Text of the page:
Introducing heterogeneity and the cost of opinion change on bounded confidence opinion models

Laura Hernandez, Hendrik Schawe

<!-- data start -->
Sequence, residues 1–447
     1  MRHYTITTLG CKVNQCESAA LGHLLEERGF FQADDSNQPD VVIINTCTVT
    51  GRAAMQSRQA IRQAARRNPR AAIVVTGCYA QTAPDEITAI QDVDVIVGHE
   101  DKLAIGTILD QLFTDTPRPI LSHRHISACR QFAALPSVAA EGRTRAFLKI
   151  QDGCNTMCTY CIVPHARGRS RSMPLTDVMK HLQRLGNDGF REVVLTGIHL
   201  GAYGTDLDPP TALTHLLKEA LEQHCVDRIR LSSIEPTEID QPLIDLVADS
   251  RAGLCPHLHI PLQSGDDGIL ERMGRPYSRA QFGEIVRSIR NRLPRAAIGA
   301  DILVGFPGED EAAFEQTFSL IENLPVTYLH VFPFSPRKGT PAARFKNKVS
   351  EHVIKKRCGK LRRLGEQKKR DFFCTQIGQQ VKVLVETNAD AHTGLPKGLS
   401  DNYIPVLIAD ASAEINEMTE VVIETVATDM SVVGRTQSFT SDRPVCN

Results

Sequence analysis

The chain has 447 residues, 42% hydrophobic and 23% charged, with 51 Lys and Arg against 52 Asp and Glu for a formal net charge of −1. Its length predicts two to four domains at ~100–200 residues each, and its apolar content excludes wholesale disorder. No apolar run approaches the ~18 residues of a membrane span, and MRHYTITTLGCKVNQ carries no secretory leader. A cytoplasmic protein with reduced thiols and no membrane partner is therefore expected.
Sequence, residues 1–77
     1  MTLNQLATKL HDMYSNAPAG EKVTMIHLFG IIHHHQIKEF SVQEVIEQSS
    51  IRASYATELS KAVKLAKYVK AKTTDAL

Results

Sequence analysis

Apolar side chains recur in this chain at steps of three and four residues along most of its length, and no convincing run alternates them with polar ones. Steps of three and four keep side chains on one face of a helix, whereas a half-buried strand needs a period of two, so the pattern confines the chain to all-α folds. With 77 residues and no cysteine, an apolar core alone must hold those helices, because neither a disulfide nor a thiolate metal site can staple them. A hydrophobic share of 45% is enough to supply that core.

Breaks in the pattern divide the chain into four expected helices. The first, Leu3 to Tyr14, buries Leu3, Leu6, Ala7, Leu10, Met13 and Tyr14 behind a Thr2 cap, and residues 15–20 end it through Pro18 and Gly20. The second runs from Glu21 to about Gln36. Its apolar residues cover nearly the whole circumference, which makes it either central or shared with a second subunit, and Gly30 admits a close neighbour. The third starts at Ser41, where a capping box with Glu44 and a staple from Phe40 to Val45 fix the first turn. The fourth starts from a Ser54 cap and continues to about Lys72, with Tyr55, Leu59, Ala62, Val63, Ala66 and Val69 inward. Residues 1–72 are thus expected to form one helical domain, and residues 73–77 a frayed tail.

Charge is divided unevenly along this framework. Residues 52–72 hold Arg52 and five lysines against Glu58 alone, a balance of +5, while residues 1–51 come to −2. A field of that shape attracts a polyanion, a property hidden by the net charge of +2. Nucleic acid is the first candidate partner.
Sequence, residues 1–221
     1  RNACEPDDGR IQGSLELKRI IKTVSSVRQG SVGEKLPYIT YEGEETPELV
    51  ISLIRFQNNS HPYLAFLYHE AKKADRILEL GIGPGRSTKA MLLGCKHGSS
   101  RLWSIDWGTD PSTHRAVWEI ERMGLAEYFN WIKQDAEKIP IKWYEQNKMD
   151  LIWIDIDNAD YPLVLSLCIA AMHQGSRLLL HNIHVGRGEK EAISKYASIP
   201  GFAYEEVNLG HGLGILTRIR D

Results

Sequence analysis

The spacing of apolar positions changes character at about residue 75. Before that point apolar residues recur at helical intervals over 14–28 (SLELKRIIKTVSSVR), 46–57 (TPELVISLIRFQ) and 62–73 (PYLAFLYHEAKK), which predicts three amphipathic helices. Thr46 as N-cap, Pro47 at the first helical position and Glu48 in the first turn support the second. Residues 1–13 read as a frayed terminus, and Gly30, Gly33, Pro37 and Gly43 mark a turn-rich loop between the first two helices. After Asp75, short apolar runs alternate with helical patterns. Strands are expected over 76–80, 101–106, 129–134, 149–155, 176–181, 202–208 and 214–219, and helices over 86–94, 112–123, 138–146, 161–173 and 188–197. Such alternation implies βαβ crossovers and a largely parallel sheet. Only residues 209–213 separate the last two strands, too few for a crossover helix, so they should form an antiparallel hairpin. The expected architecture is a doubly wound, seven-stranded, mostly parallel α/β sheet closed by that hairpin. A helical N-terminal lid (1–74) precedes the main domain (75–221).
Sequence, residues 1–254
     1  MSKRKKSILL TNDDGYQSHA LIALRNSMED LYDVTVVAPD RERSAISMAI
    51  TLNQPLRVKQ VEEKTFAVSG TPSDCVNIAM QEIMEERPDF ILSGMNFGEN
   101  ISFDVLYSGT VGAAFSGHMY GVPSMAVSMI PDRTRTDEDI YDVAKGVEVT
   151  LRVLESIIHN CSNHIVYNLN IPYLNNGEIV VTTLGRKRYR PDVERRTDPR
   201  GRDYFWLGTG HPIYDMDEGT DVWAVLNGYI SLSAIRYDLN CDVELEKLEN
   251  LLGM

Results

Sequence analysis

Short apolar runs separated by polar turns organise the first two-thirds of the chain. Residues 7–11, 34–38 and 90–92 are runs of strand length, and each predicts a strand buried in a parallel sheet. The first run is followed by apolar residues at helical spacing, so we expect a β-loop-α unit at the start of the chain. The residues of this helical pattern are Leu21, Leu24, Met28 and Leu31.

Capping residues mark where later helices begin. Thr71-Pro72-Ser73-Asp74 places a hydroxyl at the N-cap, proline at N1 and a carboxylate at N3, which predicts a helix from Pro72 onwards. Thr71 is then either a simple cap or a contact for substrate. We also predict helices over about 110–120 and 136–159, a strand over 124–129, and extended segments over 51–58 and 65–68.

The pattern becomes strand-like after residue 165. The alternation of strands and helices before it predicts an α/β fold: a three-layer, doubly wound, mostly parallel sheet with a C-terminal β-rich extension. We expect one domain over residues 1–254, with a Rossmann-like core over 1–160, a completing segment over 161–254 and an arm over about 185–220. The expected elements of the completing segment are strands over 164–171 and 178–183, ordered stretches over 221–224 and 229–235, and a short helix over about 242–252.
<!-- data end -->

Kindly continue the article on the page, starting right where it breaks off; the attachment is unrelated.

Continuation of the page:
The diffusion of opinions in a society is usually studied by the means of models based on agents that interact among them through dynamical rules that define the evolution of the opinion of each agent. The global outcome of such dynamics is taken as the opinion that the society holds on a particular subject. In most studies the dynamics is governed by interactions that model well-known social facts like homophily and social influence, which have both a tendency to homogenize the opinions in the society. However, it has been shown that according to the chosen parameters, the result may be either consensus (almost all the agents carry the same opinion) or the coexistence of groups holding different opinions. Among the continuous opinion models, the Hagselmann-Krause model proposes a dynamics based on bounded confidence, meaning that the opinion of each active agent may be influenced only by those agents whose opinions are already near to his. The homogeneous case has been thoroughly investigated and the critical confidence value for the transition between full consensus and fragmentation has been obtained. In this work we investigate the heterogeneous version of this model, where the confidence is an idiosyncratic property of the agent. Until now this case has been considered by mixing two populations of close and open minded agents. Instead, we draw the confidences for each agent from parametrized uniform distributions between a lower bound \epsilon_l and an upper bound \epsilon_u. By a systematic study of the whole parameter space (\epsilon_l,\epsilon_u) we show a non-monotonous behavior of the steady state of the dynamics: e.g., increasing the confidence of the most open minded agents (i.e., increasing \epsilon_u) may lead to a loss of consensus. A finite size analysis and careful study of the dynamics allows us to identify the mechanism behind this surprising behavior. We also consider the situation when the change of opinion involves a cost for the agent that counterbalances the homophily term. This is the case when the opinion change calls for a drastic behavioral change. Climate change or public health issues are typical examples of subjects where the growth of public attention requires an important change in the agents’ behavior. We observe that the introduction of cost leads to fragmented opinions in heterogeneous societies, but has only very little influence on homogeneous societies.

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